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An employee pulls a forklift with display units for DVD movies at a Wal-Mart Stores Inc. location ahead of Black Friday in Los Angeles, Calif. on Nov. 24, 2014.
An employee pulls a forklift with display units for DVD movies at a Wal-Mart Stores Inc. location ahead of Black Friday in Los Angeles, Calif. on Nov. 24, 2014. Bloomberg—Getty Images

Wal-Mart's Problems Go Beyond Underpaid Workers

Feb 19, 2015

Wal-Mart's announcement on Thursday that it would start paying its employees more and training them better, and would invest more heavily in online operations, almost seems like it could have been a reaction to a survey released a day before, ranking the company as "the most hated retailer in America," as several news outlets have put it.

It wasn't, of course. Wal-Mart's plans had clearly been in the works for quite a while. But those plans, announced as the retail giant issued fairly weak quarterly results, address some of the biggest reasons for Wal-Mart's ranking at the very bottom of the American Customer Satisfaction Index for 2014: poor service; messy or understocked shelves; and higher prices than many consumers expect.

The survey polled 8,700 consumers. It found overall satisfaction with retailers down by 1.4% over last year, mainly due to higher prices—a sudden reversal after three straight years of rising satisfaction. Wal-Mart's score of 68 (on a scale of 100) was its worst since 2007, and continues a trend. In four of the past five years, it has scored the lowest of all department and discount stores. This year, it scored the lowest among all retailers. Just a decade or so ago, it regularly scored near the top.

On Thursday, Wal-Mart announced it would boost employee pay to a minimum of $9 an hour, which will put Wal-Mart's lowest salaries 24% above than the $7.25 federal minimum wage. Some 500,000 workers, or about a third of Wal-Mart's U.S. work force (including at the Sam's Club warehouse-store chain) will be affected. It will, of course, eat into profits. Wal-Mart said the short-term hit would yield longer-term benefits down the road, as happier, better-trained, longer-tenured employees will translate into more customer traffic. The wage hikes and improved training will cost Wal-Mart about $1 billion this year.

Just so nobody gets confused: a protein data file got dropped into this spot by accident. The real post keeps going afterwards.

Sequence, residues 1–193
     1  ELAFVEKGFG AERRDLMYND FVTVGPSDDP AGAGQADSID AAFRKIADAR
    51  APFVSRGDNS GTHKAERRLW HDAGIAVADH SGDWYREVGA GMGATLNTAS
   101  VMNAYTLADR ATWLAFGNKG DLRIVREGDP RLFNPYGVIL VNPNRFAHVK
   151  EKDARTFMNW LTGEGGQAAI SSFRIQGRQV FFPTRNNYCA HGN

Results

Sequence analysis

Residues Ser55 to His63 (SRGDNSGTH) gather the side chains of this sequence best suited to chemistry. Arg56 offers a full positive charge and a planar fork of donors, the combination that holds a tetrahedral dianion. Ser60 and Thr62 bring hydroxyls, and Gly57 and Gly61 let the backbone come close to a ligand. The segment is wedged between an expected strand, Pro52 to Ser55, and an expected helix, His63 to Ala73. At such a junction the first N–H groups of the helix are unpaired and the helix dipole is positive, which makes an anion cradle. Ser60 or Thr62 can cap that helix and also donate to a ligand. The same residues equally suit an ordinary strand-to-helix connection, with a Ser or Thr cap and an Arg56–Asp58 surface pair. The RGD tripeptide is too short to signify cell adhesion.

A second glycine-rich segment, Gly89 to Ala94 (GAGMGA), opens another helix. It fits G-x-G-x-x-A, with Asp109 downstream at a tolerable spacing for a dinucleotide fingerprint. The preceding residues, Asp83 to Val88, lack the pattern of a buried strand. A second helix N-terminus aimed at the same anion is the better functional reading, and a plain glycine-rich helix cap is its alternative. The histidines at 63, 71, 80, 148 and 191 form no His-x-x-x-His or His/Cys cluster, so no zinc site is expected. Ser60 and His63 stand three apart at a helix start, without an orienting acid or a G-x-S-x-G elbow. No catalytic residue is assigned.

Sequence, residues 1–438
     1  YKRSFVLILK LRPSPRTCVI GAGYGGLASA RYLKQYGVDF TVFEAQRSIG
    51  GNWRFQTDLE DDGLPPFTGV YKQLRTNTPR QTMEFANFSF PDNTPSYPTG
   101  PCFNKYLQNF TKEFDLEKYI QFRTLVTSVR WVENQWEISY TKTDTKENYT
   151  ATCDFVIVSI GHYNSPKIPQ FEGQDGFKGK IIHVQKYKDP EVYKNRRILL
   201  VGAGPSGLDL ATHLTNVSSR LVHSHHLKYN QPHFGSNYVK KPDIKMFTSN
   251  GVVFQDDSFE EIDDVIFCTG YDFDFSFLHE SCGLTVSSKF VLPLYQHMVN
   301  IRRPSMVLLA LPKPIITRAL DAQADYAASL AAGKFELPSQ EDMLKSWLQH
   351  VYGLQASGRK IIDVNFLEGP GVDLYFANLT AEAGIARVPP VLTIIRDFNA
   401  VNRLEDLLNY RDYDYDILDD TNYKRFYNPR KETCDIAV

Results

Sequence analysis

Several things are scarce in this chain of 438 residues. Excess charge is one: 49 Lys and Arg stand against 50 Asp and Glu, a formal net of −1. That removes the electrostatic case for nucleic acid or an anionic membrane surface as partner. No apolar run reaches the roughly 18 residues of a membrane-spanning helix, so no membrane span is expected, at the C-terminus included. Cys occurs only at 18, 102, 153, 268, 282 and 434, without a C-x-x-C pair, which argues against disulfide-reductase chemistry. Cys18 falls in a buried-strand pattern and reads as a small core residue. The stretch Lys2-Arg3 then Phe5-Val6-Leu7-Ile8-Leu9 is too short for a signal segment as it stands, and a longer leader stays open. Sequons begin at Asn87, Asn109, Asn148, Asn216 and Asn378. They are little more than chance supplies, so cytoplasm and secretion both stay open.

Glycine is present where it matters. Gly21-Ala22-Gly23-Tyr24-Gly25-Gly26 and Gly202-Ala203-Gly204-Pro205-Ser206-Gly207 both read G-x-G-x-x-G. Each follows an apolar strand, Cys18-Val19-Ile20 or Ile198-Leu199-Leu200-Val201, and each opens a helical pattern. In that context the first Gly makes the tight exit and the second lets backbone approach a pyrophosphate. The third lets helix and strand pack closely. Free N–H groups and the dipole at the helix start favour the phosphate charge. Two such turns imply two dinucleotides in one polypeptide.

The action will result in average hourly full-time wages at Wal-Mart rising to $13 an hour from below $12 an hour. That's still below the $15 per hour demanded by pressure groups, some including Wal-Mart workers, that have been seeking pay hikes from big retailers and fast-food chains.

Wal-Mart also pledged to invest more in its e-commerce operations. The ACSI report noted that even as overall satisfaction with retailers fell by 1.7%, satisfaction with online retailers rose by 5.1%, to 82 out of 100.

That was due in part to a dip in satisfaction the previous year due to a spate of delivery problems, particularly during the holiday season. Still, it points to a big problem brick-and-mortar retailers -- even those, like Wal-Mart, with substantial investments in e-commerce: the convenience of online shopping is tough to beat. There's no such thing as a surly employee or a messy shelf. And what you're looking for is generally in stock.

Hence Amazon's place at the top of the list, with a score of 86. In the discount and department store category that Wal-Mart belongs to, Nordstrom was tops, also with an 86. Target tied with Kohl's at No. 3, each scoring an 80.

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